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Communications

Ask Slashdot: Skype Setup For Toddler's Room? 302

Posted by timothy
from the long-distance-day-care dept.
New submitter mmmmdave writes "My parents love to Skype with my kid. My kid loves to mash laptop buttons and drool on the screen. And because we don't want to spend forty minutes every night holding the laptop outside of baby arms' length, we're looking to build some sort of wall-mounted monitor + webcam thingy. I'm sure there's a much cheaper option than sticking an iPad on the wall; what's more, non-touchscreen is probably better, so my daughter can't hang up the calls. Any ideas?"
Robotics

Student Makes Real-Life Portal Turret 91

Posted by samzenpus
from the could-you-come-over-here? dept.
lukehopewell1 writes "A Penn State robotics student has gone to the effort of building a working, automated turret from the video game series Portal. Powered by a webcam, Arduino boards and hacked up USB-missile launchers, this is one serious piece of kit that is just as adorable as its in-game counterpart. "
United States

An 8,000 Ton Giant Made the Jet Age Possible 307

Posted by Unknown Lamer
from the moar-power dept.
Hugh Pickens writes "Tim Heffernan writes that when 'The Fifty,' as it's known in company circles, broke down three years ago, there was talk of retiring it for good. Instead, Alcoa decided to overhaul their 50,000-ton, 6-story high forging press, now scheduled to resume service early this year. 'What sets the Fifty apart is its extraordinary scale,' writes Heffernan. 'Its 14 major structural components, cast in ductile iron, weigh as much as 250 tons each; those yard-thick steel bolts are also 78 feet long; all told, the machine weighs 16 million pounds, and when activated its eight main hydraulic cylinders deliver up to 50,000 tons of compressive force.' The Fifty could bench-press the battleship Iowa, with 860 tons to spare, but it's the Fifty's amazing precision — its tolerances are measured in thousandths of an inch—that gives it such far-reaching utility. Every manned US military aircraft now flying uses parts forged by the Fifty, as does every commercial aircraft made by Airbus and Boeing making the Jet Age possible. 'On a plane, a pound of weight saved is a pound of thrust gained—or a pound of lift, or a pound of cargo,' writes Heffernan. 'Without the ultra-strong, ultra-light components that only forging can produce, they'd all be pushing much smaller envelopes.' The now-forgotten Heavy Press Program (PDF), inaugurated in 1950 and completed in 1957, resulted in four presses (including the Fifty) and six extruders — giant toothpaste tubes squeezing out long, complex metal structures such as wing ribs and missile bodies. 'Today, America lacks the ability to make anything like the Heavy Press Program machines,' concludes Heffernan, adding that 'The Fifty' will be supplying bulkheads through 2034 for the Joint Strike Fighter. 'Big machines are the product of big visions, and they make big visions real. How about a Heavy Fusion Program?'"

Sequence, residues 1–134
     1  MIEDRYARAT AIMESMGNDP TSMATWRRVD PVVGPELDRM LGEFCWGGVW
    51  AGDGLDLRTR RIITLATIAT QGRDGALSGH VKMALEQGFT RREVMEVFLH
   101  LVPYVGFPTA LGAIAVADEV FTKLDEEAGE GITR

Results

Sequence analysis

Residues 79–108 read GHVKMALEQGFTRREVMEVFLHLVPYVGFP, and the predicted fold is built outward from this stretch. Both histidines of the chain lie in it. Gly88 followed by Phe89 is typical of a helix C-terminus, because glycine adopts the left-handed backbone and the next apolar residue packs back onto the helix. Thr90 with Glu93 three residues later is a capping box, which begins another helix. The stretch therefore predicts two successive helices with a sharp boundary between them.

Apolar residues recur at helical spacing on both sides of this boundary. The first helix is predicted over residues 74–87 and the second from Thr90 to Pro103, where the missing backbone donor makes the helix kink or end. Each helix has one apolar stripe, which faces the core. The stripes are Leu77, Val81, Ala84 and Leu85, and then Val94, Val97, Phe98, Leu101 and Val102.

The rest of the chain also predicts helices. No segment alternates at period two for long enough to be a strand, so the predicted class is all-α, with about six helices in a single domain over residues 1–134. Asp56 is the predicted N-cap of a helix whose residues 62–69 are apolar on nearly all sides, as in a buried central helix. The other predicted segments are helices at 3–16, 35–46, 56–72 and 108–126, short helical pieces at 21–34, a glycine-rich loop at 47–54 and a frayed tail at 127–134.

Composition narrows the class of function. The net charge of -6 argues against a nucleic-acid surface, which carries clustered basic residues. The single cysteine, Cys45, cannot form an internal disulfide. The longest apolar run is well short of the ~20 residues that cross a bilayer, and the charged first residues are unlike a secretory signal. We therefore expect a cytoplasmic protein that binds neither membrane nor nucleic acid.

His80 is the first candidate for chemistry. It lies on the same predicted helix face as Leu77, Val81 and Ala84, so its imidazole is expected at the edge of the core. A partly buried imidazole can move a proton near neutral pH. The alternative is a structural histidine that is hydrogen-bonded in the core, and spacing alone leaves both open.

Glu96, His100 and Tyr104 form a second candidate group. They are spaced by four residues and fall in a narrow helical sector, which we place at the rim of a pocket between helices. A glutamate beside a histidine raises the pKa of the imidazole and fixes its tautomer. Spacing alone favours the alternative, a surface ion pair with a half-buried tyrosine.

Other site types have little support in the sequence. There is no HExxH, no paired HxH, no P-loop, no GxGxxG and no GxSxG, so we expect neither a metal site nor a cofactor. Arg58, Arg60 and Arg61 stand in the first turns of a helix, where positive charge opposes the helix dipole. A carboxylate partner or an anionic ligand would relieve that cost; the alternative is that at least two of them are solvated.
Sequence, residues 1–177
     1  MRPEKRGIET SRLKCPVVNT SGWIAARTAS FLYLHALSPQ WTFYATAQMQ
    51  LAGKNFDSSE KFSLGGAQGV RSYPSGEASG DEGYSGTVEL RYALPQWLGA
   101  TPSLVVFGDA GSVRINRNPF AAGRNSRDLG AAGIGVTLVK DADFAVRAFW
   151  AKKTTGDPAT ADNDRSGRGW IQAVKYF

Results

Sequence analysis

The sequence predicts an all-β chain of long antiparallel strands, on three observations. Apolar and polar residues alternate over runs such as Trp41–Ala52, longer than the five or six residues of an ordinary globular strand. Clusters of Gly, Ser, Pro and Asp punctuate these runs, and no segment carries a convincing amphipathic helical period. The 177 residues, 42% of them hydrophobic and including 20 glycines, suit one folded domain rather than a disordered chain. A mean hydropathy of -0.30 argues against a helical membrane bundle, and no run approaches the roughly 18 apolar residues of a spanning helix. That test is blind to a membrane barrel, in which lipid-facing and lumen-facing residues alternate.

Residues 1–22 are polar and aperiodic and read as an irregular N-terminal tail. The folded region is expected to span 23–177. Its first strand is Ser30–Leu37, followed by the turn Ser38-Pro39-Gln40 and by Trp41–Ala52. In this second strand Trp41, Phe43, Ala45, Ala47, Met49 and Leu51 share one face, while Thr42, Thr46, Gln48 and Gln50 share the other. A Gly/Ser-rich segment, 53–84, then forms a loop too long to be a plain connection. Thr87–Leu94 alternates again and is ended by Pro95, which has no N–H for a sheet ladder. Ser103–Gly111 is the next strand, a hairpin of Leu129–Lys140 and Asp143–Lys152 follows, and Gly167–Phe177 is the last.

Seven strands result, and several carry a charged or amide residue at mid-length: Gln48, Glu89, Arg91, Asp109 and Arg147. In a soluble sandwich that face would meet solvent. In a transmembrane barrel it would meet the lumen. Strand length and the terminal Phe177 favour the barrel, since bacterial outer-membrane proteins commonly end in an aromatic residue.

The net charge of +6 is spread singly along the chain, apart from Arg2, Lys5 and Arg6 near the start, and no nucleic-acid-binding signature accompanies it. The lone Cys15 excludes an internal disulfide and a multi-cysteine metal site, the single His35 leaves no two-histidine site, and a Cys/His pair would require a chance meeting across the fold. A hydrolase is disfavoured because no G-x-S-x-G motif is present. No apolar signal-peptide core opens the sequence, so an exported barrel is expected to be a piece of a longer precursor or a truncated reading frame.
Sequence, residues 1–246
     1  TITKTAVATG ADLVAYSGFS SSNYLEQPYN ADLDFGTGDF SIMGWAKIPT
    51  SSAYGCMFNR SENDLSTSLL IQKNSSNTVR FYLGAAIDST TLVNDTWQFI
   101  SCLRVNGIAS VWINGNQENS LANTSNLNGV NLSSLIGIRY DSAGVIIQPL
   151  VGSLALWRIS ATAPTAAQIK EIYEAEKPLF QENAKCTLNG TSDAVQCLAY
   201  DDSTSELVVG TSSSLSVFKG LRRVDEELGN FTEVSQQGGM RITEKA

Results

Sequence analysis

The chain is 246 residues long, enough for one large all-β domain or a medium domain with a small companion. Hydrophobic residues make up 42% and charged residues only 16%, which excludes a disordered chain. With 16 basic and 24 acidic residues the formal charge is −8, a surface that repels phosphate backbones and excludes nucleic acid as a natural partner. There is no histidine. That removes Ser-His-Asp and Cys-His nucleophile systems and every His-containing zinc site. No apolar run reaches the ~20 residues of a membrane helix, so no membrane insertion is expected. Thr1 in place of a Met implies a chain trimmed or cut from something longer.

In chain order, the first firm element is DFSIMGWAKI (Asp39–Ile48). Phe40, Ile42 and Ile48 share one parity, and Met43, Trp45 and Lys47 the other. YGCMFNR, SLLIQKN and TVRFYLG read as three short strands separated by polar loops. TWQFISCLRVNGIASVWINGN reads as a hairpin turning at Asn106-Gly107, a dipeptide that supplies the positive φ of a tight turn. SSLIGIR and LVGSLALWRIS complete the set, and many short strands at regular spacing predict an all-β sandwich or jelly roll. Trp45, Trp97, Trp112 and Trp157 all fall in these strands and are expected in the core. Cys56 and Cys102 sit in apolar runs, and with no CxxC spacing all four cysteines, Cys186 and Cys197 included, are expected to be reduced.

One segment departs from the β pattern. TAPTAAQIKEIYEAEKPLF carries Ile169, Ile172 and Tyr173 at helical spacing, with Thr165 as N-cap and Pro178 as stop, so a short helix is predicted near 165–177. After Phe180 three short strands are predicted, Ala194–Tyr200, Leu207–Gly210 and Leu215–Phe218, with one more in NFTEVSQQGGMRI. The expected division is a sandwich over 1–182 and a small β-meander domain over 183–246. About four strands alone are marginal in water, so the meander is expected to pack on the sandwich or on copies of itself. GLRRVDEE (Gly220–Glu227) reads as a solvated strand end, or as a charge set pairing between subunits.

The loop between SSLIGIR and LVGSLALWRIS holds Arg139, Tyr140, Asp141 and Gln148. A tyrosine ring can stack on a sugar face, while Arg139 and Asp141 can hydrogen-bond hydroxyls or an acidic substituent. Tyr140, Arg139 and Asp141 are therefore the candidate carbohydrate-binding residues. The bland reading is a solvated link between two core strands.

Businesses

Solyndra's High-tech Plant To Be Sold 233

Posted by Unknown Lamer
from the no-bailout-for-you dept.
Velcroman1 writes, quoting Fox News: "For sale: manufacturing and office facility with 411,618 square feet, state of the art electrical, air, and power distribution systems — and a troubled past. As part of its bankruptcy proceedings, Solyndra is reportedly very close to landing a buyer for its mammoth, high-tech production plant in Fremont, Calif. The listing agent recently gave Fox News a tour of what the new owners will get for their multi-million dollar investment. Now the once-bustling offices, conference rooms, and cubicles are eerily quiet as the facility is 'decommissioned,' according to Greg Matter with Jones Lang LaSalle realty. One wonders about the conversations held, and emails written, in the corner office formerly occupied by CEO Brian Harrison."
Displays

Plastic Logic Shows Off a Color ePaper Screen 50

Posted by Soulskill
from the technology-that-should-totally-be-here-by-now dept.